(Fa*ler"ni*an) a. Of or pertaining to Mount Falernus, in Italy; as, Falernianwine.

(Falk) n. (Zoöl.) The razorbill. [Written also falc, and faik.] [Prov. Eng.]

(Fall) v. i. [imp. Fell (fel); p. p. Fallen ; p. pr. & vb. n. Falling.] [AS. feallan; akin to D. vallen, OS. & OHG. fallan, G. fallen, Icel. Falla, Sw. falla, Dan. falde, Lith. pulti, L. fallere to deceive, Gr. sfa`llein to cause to fall, Skr. sphal, sphul, to tremble. Cf. Fail, Fell, v. t., to cause to fall.]

1. To Descend, either suddenly or gradually; particularly, to descend by the force of gravity; to drop; to sink; as, the apple falls; the tide falls; the mercury falls in the barometer.

I beheld Satan as lightning fall from heaven.
Luke x. 18.

2. To cease to be erect; to take suddenly a recumbent posture; to become prostrate; to drop; as, a child totters and falls; a tree falls; a worshiper falls on his knees.

I fell at his feet to worship him.
Rev. xix. 10.

3. To find a final outlet; to discharge its waters; to empty; — with into; as, the river Rhone falls into the Mediterranean.

4. To become prostrate and dead; to die; especially, to die by violence, as in battle.

A thousand shall fall at thy side.
Ps. xci. 7.

He rushed into the field, and, foremost fighting, fell.

5. To cease to be active or strong; to die away; to lose strength; to subside; to become less intense; as, the wind falls.

6. To issue forth into life; to be brought forth; — said of the young of certain animals. Shak.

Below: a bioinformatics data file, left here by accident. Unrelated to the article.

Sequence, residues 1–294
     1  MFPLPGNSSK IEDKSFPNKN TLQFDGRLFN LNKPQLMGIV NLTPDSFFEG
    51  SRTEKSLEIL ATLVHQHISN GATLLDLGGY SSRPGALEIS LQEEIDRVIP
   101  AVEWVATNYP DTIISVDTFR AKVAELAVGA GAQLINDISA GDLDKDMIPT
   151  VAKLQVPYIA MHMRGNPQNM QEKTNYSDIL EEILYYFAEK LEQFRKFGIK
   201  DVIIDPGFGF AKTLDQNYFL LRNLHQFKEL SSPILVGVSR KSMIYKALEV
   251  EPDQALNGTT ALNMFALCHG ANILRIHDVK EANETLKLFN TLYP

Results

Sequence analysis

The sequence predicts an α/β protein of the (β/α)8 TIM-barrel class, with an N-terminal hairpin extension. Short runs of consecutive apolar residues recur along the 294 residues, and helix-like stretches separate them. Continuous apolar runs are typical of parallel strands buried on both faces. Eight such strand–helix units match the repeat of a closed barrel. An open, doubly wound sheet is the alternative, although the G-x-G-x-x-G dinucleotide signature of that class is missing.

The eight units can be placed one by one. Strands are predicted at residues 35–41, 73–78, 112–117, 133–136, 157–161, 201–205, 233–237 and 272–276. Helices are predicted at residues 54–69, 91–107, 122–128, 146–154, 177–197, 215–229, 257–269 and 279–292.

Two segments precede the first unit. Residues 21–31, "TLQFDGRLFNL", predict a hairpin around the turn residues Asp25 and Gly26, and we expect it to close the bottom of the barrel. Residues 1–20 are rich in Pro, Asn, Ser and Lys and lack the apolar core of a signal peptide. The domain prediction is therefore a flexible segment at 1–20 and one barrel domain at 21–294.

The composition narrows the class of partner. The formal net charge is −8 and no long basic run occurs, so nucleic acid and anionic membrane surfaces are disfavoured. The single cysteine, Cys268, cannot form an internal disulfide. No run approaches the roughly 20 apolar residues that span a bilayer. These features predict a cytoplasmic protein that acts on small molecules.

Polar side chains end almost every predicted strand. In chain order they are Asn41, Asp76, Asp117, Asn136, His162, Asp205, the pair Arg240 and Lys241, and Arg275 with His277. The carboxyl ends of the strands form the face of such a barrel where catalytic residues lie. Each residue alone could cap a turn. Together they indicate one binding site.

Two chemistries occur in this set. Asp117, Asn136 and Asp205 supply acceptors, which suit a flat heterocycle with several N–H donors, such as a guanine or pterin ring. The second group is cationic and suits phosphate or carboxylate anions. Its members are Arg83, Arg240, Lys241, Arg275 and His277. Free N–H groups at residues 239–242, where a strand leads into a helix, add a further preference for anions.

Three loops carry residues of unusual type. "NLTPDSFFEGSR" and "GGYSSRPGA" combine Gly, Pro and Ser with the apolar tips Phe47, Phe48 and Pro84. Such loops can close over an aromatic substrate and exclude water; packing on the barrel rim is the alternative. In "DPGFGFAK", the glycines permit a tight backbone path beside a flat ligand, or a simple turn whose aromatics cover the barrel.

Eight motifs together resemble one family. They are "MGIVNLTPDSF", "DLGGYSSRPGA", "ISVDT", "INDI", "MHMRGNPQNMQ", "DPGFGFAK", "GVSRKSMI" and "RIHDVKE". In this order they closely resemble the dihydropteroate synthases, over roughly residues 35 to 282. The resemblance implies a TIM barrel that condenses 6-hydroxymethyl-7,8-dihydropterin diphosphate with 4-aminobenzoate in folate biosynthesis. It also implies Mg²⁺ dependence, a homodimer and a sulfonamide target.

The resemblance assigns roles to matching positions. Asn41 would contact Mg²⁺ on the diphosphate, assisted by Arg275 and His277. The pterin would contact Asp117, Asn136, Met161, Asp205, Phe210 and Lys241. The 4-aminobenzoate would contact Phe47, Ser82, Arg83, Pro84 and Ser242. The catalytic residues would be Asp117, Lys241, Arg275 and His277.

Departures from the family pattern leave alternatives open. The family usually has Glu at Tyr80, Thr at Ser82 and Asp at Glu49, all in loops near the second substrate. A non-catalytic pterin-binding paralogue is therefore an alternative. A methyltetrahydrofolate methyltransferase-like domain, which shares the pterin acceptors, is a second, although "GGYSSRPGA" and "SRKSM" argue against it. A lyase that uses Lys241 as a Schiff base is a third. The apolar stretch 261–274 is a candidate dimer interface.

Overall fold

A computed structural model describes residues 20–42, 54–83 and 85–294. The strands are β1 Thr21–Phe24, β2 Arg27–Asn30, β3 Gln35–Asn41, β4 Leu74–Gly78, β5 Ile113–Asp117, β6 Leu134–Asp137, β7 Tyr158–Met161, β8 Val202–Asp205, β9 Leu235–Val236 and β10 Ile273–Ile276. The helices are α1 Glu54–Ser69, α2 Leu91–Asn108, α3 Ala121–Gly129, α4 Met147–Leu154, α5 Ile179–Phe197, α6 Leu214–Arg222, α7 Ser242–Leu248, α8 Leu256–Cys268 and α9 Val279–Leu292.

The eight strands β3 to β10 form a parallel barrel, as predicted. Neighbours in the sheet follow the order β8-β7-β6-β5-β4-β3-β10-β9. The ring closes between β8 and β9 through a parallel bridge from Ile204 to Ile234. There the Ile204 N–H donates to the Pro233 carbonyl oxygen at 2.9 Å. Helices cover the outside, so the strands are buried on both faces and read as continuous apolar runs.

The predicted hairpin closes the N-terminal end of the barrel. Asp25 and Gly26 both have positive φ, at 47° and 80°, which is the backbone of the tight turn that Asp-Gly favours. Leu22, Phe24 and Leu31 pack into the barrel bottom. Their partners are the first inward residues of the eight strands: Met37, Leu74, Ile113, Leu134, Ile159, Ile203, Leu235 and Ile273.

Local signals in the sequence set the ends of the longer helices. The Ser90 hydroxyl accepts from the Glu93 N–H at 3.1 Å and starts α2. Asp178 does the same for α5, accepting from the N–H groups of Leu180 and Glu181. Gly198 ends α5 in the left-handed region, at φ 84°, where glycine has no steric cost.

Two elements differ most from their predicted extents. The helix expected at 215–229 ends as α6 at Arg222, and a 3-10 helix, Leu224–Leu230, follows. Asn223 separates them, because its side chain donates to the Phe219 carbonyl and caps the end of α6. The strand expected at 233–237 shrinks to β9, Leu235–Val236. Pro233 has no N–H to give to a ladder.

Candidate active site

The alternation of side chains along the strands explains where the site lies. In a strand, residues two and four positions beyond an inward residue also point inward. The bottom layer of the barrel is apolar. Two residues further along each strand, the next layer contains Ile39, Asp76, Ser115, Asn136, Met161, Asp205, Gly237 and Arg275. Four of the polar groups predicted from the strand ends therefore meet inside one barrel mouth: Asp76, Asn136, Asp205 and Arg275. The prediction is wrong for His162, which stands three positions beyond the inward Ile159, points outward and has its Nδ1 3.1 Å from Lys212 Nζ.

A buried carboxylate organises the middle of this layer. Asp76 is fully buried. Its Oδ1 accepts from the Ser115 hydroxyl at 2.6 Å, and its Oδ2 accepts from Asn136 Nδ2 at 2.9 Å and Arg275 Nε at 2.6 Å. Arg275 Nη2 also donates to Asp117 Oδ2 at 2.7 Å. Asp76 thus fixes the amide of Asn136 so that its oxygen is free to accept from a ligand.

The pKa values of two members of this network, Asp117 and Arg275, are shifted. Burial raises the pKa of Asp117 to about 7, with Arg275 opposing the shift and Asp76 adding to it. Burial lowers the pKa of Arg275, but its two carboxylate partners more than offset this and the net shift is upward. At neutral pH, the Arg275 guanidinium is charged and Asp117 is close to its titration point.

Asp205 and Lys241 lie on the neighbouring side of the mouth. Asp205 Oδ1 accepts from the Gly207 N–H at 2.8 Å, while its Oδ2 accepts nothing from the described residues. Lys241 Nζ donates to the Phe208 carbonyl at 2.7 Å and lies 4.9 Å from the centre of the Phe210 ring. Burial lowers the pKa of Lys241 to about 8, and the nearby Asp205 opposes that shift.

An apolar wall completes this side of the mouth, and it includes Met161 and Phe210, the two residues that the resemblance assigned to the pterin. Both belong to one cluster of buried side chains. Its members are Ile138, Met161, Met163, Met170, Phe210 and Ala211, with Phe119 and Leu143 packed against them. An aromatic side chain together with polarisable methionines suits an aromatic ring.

7. To decline in power, glory, wealth, or importance; to become insignificant; to lose rank or position; to decline in weight, value, price etc.; to become less; as, the price falls; stocks fell two points.

I am a poor fallen man, unworthy now
To be thy lord and master.

The greatness of these Irish lords suddenly fell and vanished.
Sir J. Davies.

8. To be overthrown or captured; to be destroyed.

Heaven and earth will witness,
If Rome must fall, that we are innocent.

9. To descend in character or reputation; to become degraded; to sink into vice, error, or sin; to depart from the faith; to apostatize; to sin.

Let us labor therefore to enter into that rest, lest any man fall after the same example of unbelief.
Heb. iv. 11.

10. To become insnared or embarrassed; to be entrapped; to be worse off than before; as, to fall into error; to fall into difficulties.

11. To assume a look of shame or disappointment; to become or appear dejected; — said of the countenance.

Cain was very wroth, and his countenance fell.
Gen. iv. 5.

I have observed of late thy looks are fallen.

  By PanEris using Melati.

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